How did the time you spent completing your postdoctoral fellowship at Duke University influence your chosen research area?
What is it about neurocognitive disorders that interests you?
You also conduct research into the long term effects of COVID on the brain. What is the significance of this work?
How could understanding the long term effects of COVID on the brain impact humans and healthcare?
What challenges do you face in your research and what steps do you take to overcome them?
Dr. Rosemarie Booze is currently Professor and Bicentennial Endowed Chair in Behavioral Neuroscience in the USC Department of Psychology. In addition, she was recently named a Carolina Trustees Professor for 2021.
Dr. Booze received her Ph.D. from The Johns Hopkins University, completed a post-doctoral fellowship at Duke University, and became an Assistant Professor at Wake Forest University. She moved to the University of Kentucky, where she rose through the ranks to Full Professor. Dr. Booze was recruited from the University of Kentucky, in July 2002 to the University of South Carolina.
Dr. Booze currently is Principal InvestigatorsI on three NIH R01s grants to study the neurological and psychological effects of viruses in the brain, particularly with respect to the “long-haul symptoms” which are experienced by many patients following viral infection. Dr. Booze has been a full member of the NIH Study Section “Developmental Brain Disorders” which is exclusively devoted to reviewing grant applications concerning neuro-developmental disorders and a full member of NAED, reviewing neuro-AIDS applications. She has been associate editor of the journals Developmental Psychobiology, Neurotoxicology and Teratology and the Journal of Neurological Sciences. She has held 18 major NIH grants as PI over the last 15 years and served as co-PI on many others (15+). She has mentored numerous students, post-doctoral fellows and young faculty (particularly early-career female neuroscientists), whom have progressed to successful scientific careers.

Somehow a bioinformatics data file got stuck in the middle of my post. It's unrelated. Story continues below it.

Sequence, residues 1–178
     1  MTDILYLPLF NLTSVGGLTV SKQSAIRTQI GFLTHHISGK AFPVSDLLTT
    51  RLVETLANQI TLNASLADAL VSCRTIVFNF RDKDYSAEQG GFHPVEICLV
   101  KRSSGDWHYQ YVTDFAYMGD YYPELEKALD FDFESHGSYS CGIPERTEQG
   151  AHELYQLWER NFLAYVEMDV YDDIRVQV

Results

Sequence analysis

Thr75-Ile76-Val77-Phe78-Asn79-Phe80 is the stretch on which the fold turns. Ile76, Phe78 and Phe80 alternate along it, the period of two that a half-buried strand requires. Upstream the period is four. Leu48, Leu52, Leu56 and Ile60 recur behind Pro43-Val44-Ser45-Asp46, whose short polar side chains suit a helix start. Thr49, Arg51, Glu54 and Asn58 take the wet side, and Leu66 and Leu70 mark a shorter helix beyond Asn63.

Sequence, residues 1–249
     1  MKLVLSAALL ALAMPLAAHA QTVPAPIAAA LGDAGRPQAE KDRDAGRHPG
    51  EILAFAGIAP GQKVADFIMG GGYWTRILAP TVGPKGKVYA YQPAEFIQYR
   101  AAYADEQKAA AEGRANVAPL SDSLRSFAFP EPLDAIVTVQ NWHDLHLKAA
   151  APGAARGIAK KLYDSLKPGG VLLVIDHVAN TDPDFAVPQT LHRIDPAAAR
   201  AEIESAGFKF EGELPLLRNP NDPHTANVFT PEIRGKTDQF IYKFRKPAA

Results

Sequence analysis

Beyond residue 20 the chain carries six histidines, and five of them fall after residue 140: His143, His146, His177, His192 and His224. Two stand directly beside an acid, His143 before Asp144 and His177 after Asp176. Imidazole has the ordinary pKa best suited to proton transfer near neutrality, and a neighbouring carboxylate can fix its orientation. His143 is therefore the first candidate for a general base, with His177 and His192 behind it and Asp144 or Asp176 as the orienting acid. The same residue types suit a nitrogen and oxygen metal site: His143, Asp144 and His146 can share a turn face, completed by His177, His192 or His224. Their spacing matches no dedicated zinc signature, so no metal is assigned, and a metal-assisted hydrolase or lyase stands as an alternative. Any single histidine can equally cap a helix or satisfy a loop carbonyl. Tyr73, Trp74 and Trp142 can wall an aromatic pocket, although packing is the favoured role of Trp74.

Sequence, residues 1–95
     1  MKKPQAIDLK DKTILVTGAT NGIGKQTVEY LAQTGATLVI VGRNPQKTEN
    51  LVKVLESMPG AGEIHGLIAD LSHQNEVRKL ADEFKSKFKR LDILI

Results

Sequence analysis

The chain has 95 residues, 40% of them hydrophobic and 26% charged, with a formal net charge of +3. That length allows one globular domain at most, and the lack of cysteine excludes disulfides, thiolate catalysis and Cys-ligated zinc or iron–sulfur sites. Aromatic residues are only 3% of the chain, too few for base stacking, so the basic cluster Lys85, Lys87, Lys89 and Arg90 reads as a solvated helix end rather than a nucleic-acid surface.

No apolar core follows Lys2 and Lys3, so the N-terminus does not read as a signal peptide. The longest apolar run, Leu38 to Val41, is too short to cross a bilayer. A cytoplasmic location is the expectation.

In recognition of her mentoring efforts, Dr. Booze served on the Committee on the Development of Careers in Neuroscience, a national committee of the Society for Neuroscience for a 3-year term and is currently a committee member of the Diversity Inclusion Committee for the Society for Neuroimmune Pharmacology; Dr Booze is also President-elect of this national professional society.
Dr. Booze has published over 150 peer-reviewed basic science articles and is an elected fellow of the American Association for the Advancement of Science (AAAS) in the areas of Neuroscience and Psychology.